7. A fairly gentle start to the week, with all done in 8 minutes. Palaver my LOI: I could see it was possible, but not being familiar with that meaning of the word I waited for all the checkers to be sure it was correct. Top Secret the only other slight hold-up: biffed and only parsed after completion.

    Delighted to hear the blogger vacancies look to have been filled – hats off to the pair who have volunteered.

    Many thanks to Jack for the blog

  8. Fairly easy going but with some unusual definitions, as pointed out by Jack. The wordplay was all clear though so had no major hold ups. Started with TEDIUM and finished with the RIBAND/NOSTRIL pair in 6.27. I enjoyed piecing together FALSEHOOD, but COD goes to LAUNDER.
    Thanks to Jack

  9. A pleasant easy going start to the week completed in 7.55. Didn’t know PALAVER as idle chatter, but easy to get from the clueing. DUN as demand for payment is also unknown to me. Particularly liked LAUNDER as three articles from abroad, although I may have come across this before.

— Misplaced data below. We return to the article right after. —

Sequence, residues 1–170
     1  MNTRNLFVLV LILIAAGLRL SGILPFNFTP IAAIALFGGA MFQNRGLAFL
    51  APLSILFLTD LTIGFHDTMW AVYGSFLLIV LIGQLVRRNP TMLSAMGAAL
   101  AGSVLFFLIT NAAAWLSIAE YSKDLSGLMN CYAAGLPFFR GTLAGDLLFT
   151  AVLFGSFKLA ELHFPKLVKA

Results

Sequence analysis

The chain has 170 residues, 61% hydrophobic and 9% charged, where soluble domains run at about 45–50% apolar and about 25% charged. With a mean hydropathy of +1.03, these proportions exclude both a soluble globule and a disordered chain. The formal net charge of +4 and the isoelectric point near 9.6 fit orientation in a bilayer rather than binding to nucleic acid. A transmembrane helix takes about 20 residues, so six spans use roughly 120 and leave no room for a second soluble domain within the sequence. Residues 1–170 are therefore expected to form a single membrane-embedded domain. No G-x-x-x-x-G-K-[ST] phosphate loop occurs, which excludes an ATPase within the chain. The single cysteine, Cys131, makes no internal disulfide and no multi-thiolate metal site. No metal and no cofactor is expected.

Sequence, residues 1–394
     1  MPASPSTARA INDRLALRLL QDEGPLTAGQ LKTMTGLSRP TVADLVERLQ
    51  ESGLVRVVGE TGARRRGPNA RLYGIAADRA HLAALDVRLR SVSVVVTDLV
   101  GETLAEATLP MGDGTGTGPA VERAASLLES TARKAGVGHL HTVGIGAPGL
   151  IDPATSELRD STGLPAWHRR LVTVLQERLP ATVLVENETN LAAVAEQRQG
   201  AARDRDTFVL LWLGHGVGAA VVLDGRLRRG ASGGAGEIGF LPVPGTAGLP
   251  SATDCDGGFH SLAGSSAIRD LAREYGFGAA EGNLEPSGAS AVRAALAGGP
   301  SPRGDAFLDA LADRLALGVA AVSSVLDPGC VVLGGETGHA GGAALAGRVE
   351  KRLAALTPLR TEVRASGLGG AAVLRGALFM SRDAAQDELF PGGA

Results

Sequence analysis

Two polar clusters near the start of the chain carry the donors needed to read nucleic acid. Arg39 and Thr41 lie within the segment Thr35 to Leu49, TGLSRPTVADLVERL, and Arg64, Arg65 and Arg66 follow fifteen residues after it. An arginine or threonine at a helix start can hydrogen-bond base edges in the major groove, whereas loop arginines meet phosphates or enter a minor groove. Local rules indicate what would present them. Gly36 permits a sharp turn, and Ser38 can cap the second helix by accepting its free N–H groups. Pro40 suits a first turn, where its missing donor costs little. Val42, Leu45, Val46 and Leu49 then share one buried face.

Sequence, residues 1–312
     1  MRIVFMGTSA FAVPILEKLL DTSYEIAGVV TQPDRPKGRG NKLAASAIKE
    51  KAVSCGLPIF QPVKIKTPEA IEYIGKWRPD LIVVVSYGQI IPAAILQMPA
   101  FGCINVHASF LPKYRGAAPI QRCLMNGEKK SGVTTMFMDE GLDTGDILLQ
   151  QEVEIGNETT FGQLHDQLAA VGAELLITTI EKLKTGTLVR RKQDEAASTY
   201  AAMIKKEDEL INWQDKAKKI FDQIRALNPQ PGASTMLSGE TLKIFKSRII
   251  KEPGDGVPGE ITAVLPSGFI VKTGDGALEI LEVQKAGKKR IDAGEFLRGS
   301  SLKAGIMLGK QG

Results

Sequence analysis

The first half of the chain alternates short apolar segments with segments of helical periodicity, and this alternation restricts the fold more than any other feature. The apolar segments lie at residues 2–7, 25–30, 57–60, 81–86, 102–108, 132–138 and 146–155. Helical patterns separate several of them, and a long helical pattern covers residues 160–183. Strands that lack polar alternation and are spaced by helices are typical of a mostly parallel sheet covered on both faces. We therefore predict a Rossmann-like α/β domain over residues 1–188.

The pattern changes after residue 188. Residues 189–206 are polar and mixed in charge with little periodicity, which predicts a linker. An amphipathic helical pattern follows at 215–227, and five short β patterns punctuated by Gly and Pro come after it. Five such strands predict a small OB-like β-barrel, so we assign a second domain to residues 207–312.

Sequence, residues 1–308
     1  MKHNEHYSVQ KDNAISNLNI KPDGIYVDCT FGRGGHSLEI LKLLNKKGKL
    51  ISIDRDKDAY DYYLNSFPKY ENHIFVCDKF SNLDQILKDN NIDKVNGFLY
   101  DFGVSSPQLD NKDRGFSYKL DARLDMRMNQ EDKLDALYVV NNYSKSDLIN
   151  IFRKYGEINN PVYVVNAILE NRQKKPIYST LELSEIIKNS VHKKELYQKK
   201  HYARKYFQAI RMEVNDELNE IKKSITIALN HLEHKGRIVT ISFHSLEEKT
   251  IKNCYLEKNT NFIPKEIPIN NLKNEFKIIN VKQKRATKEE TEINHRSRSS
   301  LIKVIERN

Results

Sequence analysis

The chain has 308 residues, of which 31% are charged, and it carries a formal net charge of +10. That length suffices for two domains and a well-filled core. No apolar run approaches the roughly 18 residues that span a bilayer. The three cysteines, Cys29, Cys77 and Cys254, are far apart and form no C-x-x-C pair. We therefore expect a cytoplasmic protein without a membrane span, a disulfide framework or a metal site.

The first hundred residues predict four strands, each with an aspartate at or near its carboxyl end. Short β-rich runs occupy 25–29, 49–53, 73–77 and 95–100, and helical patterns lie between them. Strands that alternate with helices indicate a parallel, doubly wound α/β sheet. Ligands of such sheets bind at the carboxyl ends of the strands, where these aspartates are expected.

10. A gentle start to the week. Like our blogger I was surprised by the definitions for TRANSIT and PALAVER, but I just assumed it was my ignorance – the wordplay was clear enough. I also thought the surface for TOP SECRET was a bit odd. No problem with DUN as I worked for some time with HMRC’s Debt Management & Banking department helping them re-engineer their dunning processes. 4:10.

  11. Jack said “Overall I didn’t find this difficult but there are a few words or meanings that will not be familiar to all.”

    I thought that was the perfect summary for how I found it.

    All solved in 18:28 with a couple of biffs along the way. NW corner was where I finished off with TRANSIT, RATION then eventually remembering RIBAND rather than RIBbon with a bif of NOSTRIL for LOI and spotting the hidden later.